A: Stop. You’re still on Facebook? That’s so 2007. Facebook lost sixteen million American accounts a couple of months ago, which speaks for itself. Outside of Asia, corporate-style social media is toast. Finito. I’m all for technology that empowers people – look at how Twitter has helped the freedom fighters in Iran, for example. But let’s not forget why social media was created. It wasn’t designed to empower us. It was designed to disempower us, to give corporations the kind of data on us that they couldn’t get otherwise, to sell us stuff we don’t need – or to deny us healthcare, or a job, or housing, because of something on Facebook. Look, I’m prepared for the eventuality that those of us in the US, along with the millions and millions of Syrians, and Greeks, and Egyptians, and British people who are doing genuinely heroic things to make their societies a better place, may all eventually have to go offline or find some alternative to the web. Maybe we’ll all end up in line at the mimeograph machine.

I watched Lucid Culture grow from barely a handful of pageviews a day to thousands, organically, without any publicity whatsoever. Other than my one upcoming publicity stunt at New York Music Daily, I’m looking forward to watching the new site grow, and to see where it all ends up. There’s a revolution taking over the world – this is the soundtrack.

Q: You’re doing a publicity stunt?

A: I’ll explain the whole thing tomorrow at New York Music Daily.


August 23, 2011 Posted by | interview, Music, music, concert, New York City | , , , , , , , | Leave a comment

Roger Davidson Hits the Klezmer Road

Whether Roger Davidson knows it or not, he’s just released an elegant gypsy punk record. It’s not likely that the eclectic composer, whose previous work spans the worlds of jazz and tango nuevo, launched into his new album On the Road of Life with that idea in mind. But that’s pretty much what he ended up with. “Pretty much,” because there are no distorted guitars or pummeling drums here – and also because Davidson’s intent was to write an original album of klezmer tunes. Whether this is klezmer, or Balkan music, or gypsy music is really beside the point – whichever way it falls stylistically, it’s a collection of memorably simple themes bristling with the scary/beautiful chromatics and eerie minor keys common to all those genres. Here Davidson is backed by what he calls the Frank London Klezmer Orchestra, an eclectic group with the great klezmer trumpeter alongside another klezmer legend, Andy Statman on mandolin and clarinet, plus Klezmatics drummer Richie Barshay, Avantango bassist Pablo Aslan and Veretski Pass accordionist/cimbalom player Joshua Horowitz.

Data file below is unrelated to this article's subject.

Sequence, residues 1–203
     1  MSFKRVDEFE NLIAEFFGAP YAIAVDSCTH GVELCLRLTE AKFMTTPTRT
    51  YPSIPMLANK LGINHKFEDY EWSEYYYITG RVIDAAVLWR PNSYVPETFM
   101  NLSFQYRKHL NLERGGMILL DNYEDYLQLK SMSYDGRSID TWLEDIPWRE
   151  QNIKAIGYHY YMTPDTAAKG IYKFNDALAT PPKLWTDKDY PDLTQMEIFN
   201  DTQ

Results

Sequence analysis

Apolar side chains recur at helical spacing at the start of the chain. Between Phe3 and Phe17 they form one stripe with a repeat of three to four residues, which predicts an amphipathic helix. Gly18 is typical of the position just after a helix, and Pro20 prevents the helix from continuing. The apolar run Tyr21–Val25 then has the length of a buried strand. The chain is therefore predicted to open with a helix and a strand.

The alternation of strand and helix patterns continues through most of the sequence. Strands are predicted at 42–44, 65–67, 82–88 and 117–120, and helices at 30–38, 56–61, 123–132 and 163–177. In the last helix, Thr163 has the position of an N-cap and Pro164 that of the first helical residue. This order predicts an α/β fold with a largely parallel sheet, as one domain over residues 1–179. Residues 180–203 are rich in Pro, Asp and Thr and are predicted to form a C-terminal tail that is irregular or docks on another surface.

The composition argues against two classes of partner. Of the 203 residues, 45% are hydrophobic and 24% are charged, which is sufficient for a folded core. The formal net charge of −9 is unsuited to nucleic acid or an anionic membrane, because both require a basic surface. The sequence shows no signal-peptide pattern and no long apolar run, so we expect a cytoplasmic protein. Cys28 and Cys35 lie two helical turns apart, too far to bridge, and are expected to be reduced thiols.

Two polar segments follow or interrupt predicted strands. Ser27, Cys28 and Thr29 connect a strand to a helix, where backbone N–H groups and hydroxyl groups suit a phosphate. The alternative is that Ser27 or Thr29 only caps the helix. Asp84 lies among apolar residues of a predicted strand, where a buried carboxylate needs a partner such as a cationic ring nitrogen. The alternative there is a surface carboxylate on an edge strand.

Some of these are joyous romps. Freedom Dance has solos all around and some especially rapidfire mandolin from Statman. Dance of Hope is sort of a Bosnian cocek with mandolin and clarinet instead of blaring brass, and a tune closer to Jerusalem than to Sarajevo. There’s Harvest Dance, based on a crescendoing walk down the scale; Water Dance, with an absolutely ferocious outro, and Hungarian Waltz, which in a split second morphs into a blazing dixieland swing tune fueled by London’s trumpet. Yet the best songs here are the quieter ones. The title track is basically a hora (wedding processional) that builds gracefully from a pensive, improvisational intro to a stately pulse driven by Aslan’s majestic bass chords. There’s also Equal in the Eyes of God, which reaches for a rapt, reverent feel; Sunflowers at Dawn, which klezmerizes a famous Erik Satie theme; The Lonely Dancers, a sad, gentle Russian-tinged waltz, Statman’s delicate mandolin vividly evoking a balalaika tone; and the epic, nine-minute Night Journey, glimmering with suspenseful, terse piano chords, tense drum accents, allusive trumpet and finally a scurrying clarinet solo.

Davidson may be a limited pianist, but he’s self-aware – his raw chords and simple melody lines only enhance the edgy intensity of the tunes here. That he’s able to blend in with this all-star crew affirms his dedication to good tunesmithing, keeping things simple and proper, as Thelonious Monk would say. Fans of moody minor keys, gypsy music and the klezmer pantheon will find a lot to enjoy here.

August 23, 2011 Posted by | gypsy music, Music, music, concert, review, Reviews, world music | , , , , , , , , , , , , , , , , , , , , , | Leave a comment

Album of the Day 8/22/11

Every day, our 1000 best albums of all time countdown continues all the way to #1. Monday’s album was #526:

The JPT Scare Band – Past Is Prologue